When athletes talk about finding their game, they refer to being able to play at their very best on a consistent basis. Intense physical training can lead to this, but the way to really find your game exists through a different kind of training. And finding your game actually has little to do with what sport you play or if you actually play any sport at all.
“For physical training is of some value, but godliness has value for all things, holding promise for both the present life and the life to come.” (1 Timothy 4:8)
The movie Seven Days in Utopia revolves around the concept of finding your game in life through the pursuit of godliness. (Note that there is a book on which this movie is based.) This gem of a film provides many life lessons that make the movie worth watching, but 5 lessons stood out as steps to take immediately to find your game.
- Know your convictions. This involves asking yourself why you do what you do. If your purpose is to excel in a sport or in any area of life, consider rethinking that which drives you. For when we discover convictions that go well beyond the temporal and start affecting eternity, we discover a deeper reason and purpose for existing.
- Find your rhythm, balance and patience. At the core of these elements lies emotional control. When emotions control the person, rhythm, balance and patience cannot exist. But when you use emotions as gauges, finding your game becomes a reality.
- Be willing to deter from the expected. So often, we become trapped by expectations, both our own and that of others. Finding your game may involve stepping out of what’s expected in order to step into the will of God.
- Confidence comes with being prepared. Some people seem to exude confidence naturally while others struggle with believing in themselves. The core of true confidence is not natural ability alone. Rather, true confidence results from preparation. Planning and preparing create a confidence that allows for handling the unexpected and the spontaneous.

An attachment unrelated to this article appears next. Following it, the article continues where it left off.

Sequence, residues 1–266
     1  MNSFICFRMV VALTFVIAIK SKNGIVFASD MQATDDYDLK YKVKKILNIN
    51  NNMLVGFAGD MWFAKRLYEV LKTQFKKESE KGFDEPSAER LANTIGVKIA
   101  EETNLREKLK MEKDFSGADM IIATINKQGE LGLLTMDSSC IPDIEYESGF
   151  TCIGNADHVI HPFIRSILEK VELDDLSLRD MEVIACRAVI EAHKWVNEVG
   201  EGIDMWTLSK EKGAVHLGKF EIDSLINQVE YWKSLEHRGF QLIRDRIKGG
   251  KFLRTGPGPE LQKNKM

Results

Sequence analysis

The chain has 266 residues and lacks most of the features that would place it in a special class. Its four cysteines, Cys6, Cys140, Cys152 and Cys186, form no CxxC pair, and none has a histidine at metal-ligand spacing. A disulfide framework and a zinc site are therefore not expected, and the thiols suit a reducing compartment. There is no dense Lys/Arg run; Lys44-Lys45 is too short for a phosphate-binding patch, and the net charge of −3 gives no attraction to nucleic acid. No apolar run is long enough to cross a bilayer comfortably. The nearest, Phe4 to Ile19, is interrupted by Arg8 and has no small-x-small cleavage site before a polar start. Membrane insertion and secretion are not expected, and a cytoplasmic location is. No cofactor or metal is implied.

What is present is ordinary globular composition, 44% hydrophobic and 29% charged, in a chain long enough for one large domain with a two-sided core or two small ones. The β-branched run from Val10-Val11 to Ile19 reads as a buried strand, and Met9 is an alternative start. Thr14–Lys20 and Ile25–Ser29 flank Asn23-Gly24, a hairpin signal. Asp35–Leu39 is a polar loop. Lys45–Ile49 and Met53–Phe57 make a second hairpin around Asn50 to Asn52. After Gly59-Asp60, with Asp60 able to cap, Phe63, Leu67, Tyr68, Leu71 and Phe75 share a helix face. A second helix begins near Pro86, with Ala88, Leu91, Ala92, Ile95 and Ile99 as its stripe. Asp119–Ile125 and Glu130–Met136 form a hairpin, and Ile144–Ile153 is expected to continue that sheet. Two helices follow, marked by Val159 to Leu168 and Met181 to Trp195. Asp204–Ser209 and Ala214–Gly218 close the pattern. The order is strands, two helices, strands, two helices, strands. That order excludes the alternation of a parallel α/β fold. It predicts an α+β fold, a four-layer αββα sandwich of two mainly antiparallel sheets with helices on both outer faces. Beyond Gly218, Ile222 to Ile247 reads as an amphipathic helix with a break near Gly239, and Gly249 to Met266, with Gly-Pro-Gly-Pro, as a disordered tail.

- Confront the lies. What lies drive you? Do you believe your value is found in the game that you play? Or, is your value found in how you play the game? Knowing that your value comes from Christ alone provides the convictions and confidence necessary to find your game.
Within each aspect of finding your game listed here, the idea of dealing with mistakes constantly comes up. We can allow mistakes to knock us out of our game and into being off balance and out of rhythm and with little patience, or we can use them to built confidence. We can use mistakes to confront the lies that tell us we are the sum total of our accomplishments by not allowing them to snowball. We can choose to see ourselves through our failures, or we can view ourselves through the eyes of Christ. Who are you as a Christian believer has little to do with who you are and everything to do with Whose you are.
When we choose to not allow mistakes to negatively impact our self image, which is how we think about ourselves, and begin relying on our identity in Christ, we find that we are acceptable. As we learn to be Living Stones, we discover that we can live and walk in repentance and bask in His grace. In that, we finally find our game in a way that impacts eternity.
DISCUSSION: What adjustments do you need to make today to help you “find your game”?
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